Manning: New England Big Because It's the Next Game
INDIANAPOLIS – The series, without a doubt, has been big.
It is that way now, and has been that way for much of the last decade.
But Peyton Manning, the Colts' 13-year veteran quarterback, said while that much is true – and while there again will be plenty of attention when the Colts play the New England Patriots this week – something else is equally true for the Colts this season:
Every game is big.
And that, Manning said, is how the Colts will approach this year's version of Colts-Patriots.
Big? Yes. Just not overwhelmingly so.
"It's a great rivalry – there's no question about it," Manning said as the AFC South-leading Colts (6-3) prepared to play the AFC East-leading New England Patriots (7-2) at Gillette Field in Foxboro, Mass., Sunday at 4:15 p.m.
"It really has been like a division game. We've played them every year since 2003 – a couple of times twice a year. There's no question it's a big game, but it's really big because it's the next one.
"The middle of this season is competitive within our division. We want to try to keep winning games."
The Patriots, AFC East Champions six of the last seven seasons, have won six of their last seven games, and are tied with the New York Jets for first place in the division.
The Colts, AFC South Champions six of the last seven seasons, have won six of eight games since a season-opening loss at Houston. They lead the AFC South by a game over Tennessee and Jacksonville.
"It's two great teams," Colts cornerback Kelvin Hayden said. "It's two teams who have won a whole lot of games the past decade, and doing the right things and winning the right way."
The Patriots this season have stayed atop the East despite the loss of wide receiver Randy Moss, traded to the Minnesota Vikings in early October. The Patriots' offense has continued to play efficiently, having immediately traded for veteran Deion Branch – the Most Valuable Player of the 2004 Super Bowl for New England – after Moss' departure.
This past Sunday, the Patriots beat the Pittsburgh Steelers, 39-26, to remain in a tie for first.
"It's going to be a great challenge," Manning said.
"They are very talented and performing extremely well," Colts Head Coach Jim Caldwell said.
The Colts, who have won 12 or more games an NFL record seven consecutive seasons, have emerged this year as a division leader despite a slew of injuries. Tight end Dallas Clark, wide receiver Anthony Gonzalez and safety Melvin Bullitt are among eleven players on injured reserve, and in a 23-17 home victory over Cincinnati this past Sunday, the Colts were without linebackers Gary Brackett and Clint Session, as well as wide receivers Austin Collie and Blair White.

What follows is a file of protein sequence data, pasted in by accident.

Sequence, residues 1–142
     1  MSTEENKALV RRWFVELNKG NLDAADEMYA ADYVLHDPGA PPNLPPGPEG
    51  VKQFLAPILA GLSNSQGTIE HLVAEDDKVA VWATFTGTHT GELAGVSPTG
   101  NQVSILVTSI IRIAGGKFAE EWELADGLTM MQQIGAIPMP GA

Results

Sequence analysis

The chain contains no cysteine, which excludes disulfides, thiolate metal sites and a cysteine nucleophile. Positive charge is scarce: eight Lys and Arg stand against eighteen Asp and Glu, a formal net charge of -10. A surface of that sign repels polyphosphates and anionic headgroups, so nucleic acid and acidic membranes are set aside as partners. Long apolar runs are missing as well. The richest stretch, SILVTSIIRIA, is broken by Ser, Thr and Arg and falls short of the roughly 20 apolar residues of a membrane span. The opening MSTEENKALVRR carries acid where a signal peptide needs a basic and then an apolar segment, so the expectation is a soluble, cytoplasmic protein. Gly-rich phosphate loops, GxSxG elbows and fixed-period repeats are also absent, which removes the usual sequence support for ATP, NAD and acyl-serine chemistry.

Starting running back Joseph Addai also missed the game, as did third-team running back Mike Hart.
"We're trying to get a little better each week, understanding that things might not be picture perfect – that it may be a two-yard gain here or a five-yard completion there that you have to be happy about," Manning said. "It doesn't mean lowering your expectations. It just means that we are somewhat in a transition process with some of our new players."
Jacob Tamme has caught 24 passes for 245 yards and two touchdowns in three games starting for Clark, and second-year running back Donald Brown has rushed for 100 yards on 27 carries in the last two games. Rookie running back Javarris James has rushed for three touchdowns in the last two games.
Wide receiver Brandon James, signed from the practice squad last week, caught four passes for 36 yards against Cincinnati.
"We're really working hard to get on the same page with some of our new guys – you can still have some offensive production," Manning said. "It does take a lot of work, a lot of preparation – a lot more than you would normally have to do because you're spending extra time working some of these new guys. It is kind of a grind, if you will, but it's certainly well worth it when you come out with a win.
"It definitely has been a grind from a preparation standpoint. There certainly have been some major injuries, but even some of the replacements have been injured. The challenge has been getting on the same page not necessarily knowing who's going to be available that week.
"You have to do it, and other guys are stepping up at different times."
Manning said at times the changes have required him to be more patient.
"I try to remind myself of that," he said. "I don't always follow through, but I think you have to (be patient), just knowing that we have some new guys. . . . Every week there is something new, so you do have to be patient and understand that there are going to be some adjustments and maybe some storms you have to work through.
"If you can work through, and at the same time get a win and realize we are making some improvements in certain areas, then that's a good thing."
And Manning, like Caldwell has said the past several weeks, said the reality is while the Colts have dealt with injuries, few teams in the NFL haven't been faced with such issues.
"I kind of respond to questions about injuries, but you do get tired of talking about it, because everybody's dealing with it," Manning said. "Ours have just come at not the best times, I guess. When you have had some of the replacements getting injured, that has been a little bit of a wrinkle, but you have to find a way to deal with it.
"Adjusting is the main thing. Certain guys are hard to replace, but you do have to adjust and find a way to try to get a win. It's going to take everybody doing their part to find a way to get a win, but I do think saying we're going to go blow somebody out may not be as realistic as just saying, 'Hey, find a way to hang in there and make a play in the fourth quarter to get a win.'